So that’s another Open in the books. I’m quite proud that I now stand in the top 10-20% of people that have done every single Open workout ever. Go me! Castro, I’m waiting on my lifetime achievement award.
This year’s Open for me was very different. Aside from a few remote coached athletes, I didn’t have an affiliate to take care of. No more planning to be there Friday-Monday for 5 weeks (and it clashes with the 6 Nations like), setting up iPads from multiple angles to catch every member of the gym.
So because of that, I really didn’t get to see how scaling versus Rx’d came into play, and how that affected members and affiliates.
Before the season started, I predicted Regionals would continue but now they would take the top ten non qualifiers across all Regions to The Games. Nope, we’ve gone Super Regionals. This gives us an insight into Castro and Glassman’s mentality around the season. It’s clear that they want to highlight, as early as possible, the best of the best. (Remember that Eric Roberts’ masterpiece? No, go watch the entire movie now, and come back to this blog in 98 minutes)
I’ve also predicted that there’ll be swimming at Regionals, perhaps Thursday night/Friday morning. I think it’s time swimming makes its way to the Regionals level. This remains to be seen but I think it would be pretty cool.
The Open, to my mind were 5 tests, rather than 5 workouts. I don’t see a problem with this. Regionals 2014 gave us a clue of this, with arguably the Snatch, Handstand Walk, Rope climb, and Pull Up/OHS being closer to tests than what we consider to be CrossFit metcons.
There’s a notion that somehow we decide what CrossFit is, rather than Castro and Glassman. It’s nice, but it’s no more than I decide what football is (FIFA and NFL do that – see what I did there? Appealing to audiences both sides of the pond.)
This probably stems from our first CrossFit workout. Just by sheer virtue of being inefficient and ignorant we were trust into a place that hurt like hell. We never knew we could go that far into the dark place. And much like our first hit of heroin we are chasing that ever since. That’s what CrossFit is, right?
In fact, this Tabata Times article seems to say that’s the very thing. The mental ability to “go to that dark place” has no intrinsic merit above patience to learn how to do a toes to bar, or develop the wherewithal to Clean & Jerk under fatigue. Sure, gassing yourself out may release endorphins and feel like you majorly pushed it that day, but that’s not all there is to our sport.
I’d also bet that those who complain about lack of “pure” workouts are those that complain about going balls out all the time.
Castro said in 2014 that the three attempts at the Hang Snatch, and the one attempt at the Handstand walk, were to increase the cost of failure. Isn’t this what we wanted all along with CrossFit? Increased risk of failure enforces a higher level of precision. This is a good thing.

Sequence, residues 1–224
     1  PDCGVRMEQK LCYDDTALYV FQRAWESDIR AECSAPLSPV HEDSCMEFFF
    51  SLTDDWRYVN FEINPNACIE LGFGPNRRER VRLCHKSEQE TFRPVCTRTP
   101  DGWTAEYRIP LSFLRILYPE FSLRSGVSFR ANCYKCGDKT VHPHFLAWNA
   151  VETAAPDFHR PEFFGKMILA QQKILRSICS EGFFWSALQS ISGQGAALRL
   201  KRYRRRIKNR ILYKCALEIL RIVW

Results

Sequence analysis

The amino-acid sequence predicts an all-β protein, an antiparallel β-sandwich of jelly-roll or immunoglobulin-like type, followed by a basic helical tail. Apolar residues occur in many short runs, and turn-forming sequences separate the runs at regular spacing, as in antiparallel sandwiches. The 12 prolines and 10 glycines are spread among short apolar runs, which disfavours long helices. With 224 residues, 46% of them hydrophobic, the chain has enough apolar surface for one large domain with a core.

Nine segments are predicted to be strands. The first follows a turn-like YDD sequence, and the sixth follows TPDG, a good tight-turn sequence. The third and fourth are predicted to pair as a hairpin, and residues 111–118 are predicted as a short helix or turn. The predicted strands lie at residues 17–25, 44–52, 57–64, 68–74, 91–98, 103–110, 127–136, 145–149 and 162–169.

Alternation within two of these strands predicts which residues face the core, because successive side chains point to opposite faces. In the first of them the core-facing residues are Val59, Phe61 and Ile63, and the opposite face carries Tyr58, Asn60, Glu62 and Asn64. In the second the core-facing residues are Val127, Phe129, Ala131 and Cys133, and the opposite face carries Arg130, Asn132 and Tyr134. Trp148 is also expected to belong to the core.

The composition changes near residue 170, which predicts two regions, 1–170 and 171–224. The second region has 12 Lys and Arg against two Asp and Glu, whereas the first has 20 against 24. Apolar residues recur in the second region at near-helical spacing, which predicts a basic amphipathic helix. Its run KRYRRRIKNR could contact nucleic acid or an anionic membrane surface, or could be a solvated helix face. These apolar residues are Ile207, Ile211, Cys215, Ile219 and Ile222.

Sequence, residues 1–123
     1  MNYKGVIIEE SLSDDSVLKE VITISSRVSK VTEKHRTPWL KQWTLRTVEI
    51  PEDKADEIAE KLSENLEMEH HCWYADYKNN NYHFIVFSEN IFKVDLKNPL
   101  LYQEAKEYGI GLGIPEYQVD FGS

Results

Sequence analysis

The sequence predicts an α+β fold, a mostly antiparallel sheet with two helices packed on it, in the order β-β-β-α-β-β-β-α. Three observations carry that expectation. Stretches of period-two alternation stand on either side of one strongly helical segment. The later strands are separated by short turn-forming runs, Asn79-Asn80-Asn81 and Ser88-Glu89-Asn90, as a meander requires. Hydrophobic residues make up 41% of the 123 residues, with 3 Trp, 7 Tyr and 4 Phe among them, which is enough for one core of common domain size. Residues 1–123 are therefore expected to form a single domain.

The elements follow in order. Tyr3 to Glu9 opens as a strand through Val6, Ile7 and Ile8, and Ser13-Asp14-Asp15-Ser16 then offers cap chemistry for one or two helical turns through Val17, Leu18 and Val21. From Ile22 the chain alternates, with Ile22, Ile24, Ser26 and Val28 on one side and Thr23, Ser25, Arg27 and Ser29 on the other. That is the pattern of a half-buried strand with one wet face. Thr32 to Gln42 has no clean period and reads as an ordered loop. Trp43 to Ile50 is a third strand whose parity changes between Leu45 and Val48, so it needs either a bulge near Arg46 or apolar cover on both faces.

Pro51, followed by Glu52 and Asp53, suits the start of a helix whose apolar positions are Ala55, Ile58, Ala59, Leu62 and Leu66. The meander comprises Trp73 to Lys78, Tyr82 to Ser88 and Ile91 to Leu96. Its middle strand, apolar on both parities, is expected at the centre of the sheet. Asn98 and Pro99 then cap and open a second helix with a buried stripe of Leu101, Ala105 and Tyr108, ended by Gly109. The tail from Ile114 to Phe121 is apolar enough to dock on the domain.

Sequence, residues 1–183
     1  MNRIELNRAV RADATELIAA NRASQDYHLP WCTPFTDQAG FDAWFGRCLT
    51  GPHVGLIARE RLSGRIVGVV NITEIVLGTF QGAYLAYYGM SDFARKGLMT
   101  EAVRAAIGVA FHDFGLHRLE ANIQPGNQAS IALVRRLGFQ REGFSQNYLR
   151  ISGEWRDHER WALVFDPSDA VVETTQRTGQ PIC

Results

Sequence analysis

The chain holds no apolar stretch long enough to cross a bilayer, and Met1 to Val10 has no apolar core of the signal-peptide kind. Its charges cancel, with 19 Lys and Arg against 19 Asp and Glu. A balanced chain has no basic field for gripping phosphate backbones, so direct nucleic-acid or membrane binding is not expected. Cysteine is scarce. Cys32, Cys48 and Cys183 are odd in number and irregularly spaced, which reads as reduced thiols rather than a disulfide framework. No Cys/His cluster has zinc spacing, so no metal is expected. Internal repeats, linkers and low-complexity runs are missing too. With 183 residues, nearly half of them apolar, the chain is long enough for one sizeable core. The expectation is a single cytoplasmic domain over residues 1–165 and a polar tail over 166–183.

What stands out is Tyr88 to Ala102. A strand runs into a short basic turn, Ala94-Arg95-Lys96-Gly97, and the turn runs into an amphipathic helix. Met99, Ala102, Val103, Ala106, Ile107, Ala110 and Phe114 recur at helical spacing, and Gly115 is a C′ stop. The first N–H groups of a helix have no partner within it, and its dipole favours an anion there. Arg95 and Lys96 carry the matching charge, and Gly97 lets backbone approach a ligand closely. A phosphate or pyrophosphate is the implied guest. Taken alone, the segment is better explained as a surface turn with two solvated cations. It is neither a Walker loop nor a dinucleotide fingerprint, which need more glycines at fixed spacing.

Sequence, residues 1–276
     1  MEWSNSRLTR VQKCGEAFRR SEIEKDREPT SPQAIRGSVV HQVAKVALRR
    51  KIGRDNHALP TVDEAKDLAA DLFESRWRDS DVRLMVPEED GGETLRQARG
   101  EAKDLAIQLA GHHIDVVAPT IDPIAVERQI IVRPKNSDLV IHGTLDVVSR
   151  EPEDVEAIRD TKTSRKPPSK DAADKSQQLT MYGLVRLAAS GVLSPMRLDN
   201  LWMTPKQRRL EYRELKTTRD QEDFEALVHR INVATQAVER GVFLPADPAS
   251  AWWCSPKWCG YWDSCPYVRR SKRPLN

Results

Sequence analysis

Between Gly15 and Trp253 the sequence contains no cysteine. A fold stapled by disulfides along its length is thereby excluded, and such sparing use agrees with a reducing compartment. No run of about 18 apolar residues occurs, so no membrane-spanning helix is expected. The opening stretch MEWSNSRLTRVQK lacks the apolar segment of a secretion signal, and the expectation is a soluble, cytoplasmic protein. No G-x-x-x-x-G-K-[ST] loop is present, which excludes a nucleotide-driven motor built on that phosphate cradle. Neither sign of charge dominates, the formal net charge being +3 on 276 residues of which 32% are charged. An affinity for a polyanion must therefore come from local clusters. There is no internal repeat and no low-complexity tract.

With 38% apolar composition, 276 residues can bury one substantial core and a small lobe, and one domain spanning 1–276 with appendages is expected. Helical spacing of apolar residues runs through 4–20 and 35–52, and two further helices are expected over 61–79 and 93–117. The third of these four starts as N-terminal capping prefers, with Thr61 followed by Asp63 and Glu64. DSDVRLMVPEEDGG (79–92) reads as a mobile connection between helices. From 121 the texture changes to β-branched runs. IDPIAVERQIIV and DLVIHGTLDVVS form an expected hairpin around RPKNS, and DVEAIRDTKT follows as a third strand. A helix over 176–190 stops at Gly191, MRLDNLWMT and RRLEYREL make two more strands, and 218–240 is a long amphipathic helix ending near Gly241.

Has it become too gymnastic focused? I don’t think so either. If anything, it’s become more balanced across all tenets of fitness. CrossFit has long held the mission to raise the bar of what’s possible. There was a time a 100Kg deadlift in Diane was heavy, and Games athletes missed 60Kg snatches!
Now we’re at the stage where it’s expected that anyone in the sport, regardless of gender, should have chest to bars, muscle ups and handstand push ups. The writing has been on the wall for some time now, but we’ve avoided it because learning weightlifting is easier than learning gymnastics (I said “learning”, not “mastering”) and we weren’t forced to have these skills. We are now.
So now what?
I knew there was something I forgot in my final video, and that’s how The Open should determine your year ahead.
If you don’t use this test as a chance to re-evaluate your programming and focus for the year ahead, in my mind that’s a waste. You have an opportunity here. If right now you intend on staying CrossFit for another year and giving The Open another shot, this is the time to set goals.
Firstly, we really do need to understand just how long a year is. It’s a long time. So be patient with your training. If you added one pull up a week to your max set, you’d improve by 50! Okay, so you probably won’t do that. But what if you added 1 rep to all your movements every month? Wouldn’t that be something. That means over 4-5 weeks you only need to increase your toes to bar or pull ups or HSPU by 1 measly rep. Over time it will add up.
I think, and we’ve all fallen into this trap, is that we blitz at our goats for 3-4 weeks gung ho. We’ll do handstand push ups everyday. Monday, you hit 17 in 3 minutes. Tuesday, again and this time 18, Fuck YEAH! Then Wednesday, 13. Shit. Thursday, 9. Bollocks.
Now come Saturday you can’t stabilise a snatch overhead and that’s down 20Kg.
Okay, extreme example but you get the point.
Another thing we can look at is, is it the programming, or your application of it? Are you now frantically looking at The Comp Train, OPT, Training Think Tank, Invictus, Outlaw, and The Training Plan? One of these has got to hold the secret, right?
Or maybe, maybe you haven’t trained as consistently as you’d have liked? Maybe instead of 16 sessions a month you’ve really only averaged 13. Instead of 80% paleo, you’ve been closer to 50-60%? Maybe you’ve been mindlessly doing your jerk drills because you hate the Clean & Jerk, or missing our percentage work on the squat cycle.
Hey, we’re all human, and we’re doing the best we can. Just before we try and do a drastic overhaul, what if a few small changes, over time, made a bigger impact? I know the big drastic overhaul seems like the thing to do, but it rarely is. Take away a few things stopping you, add one of two aids, and trust the damn process.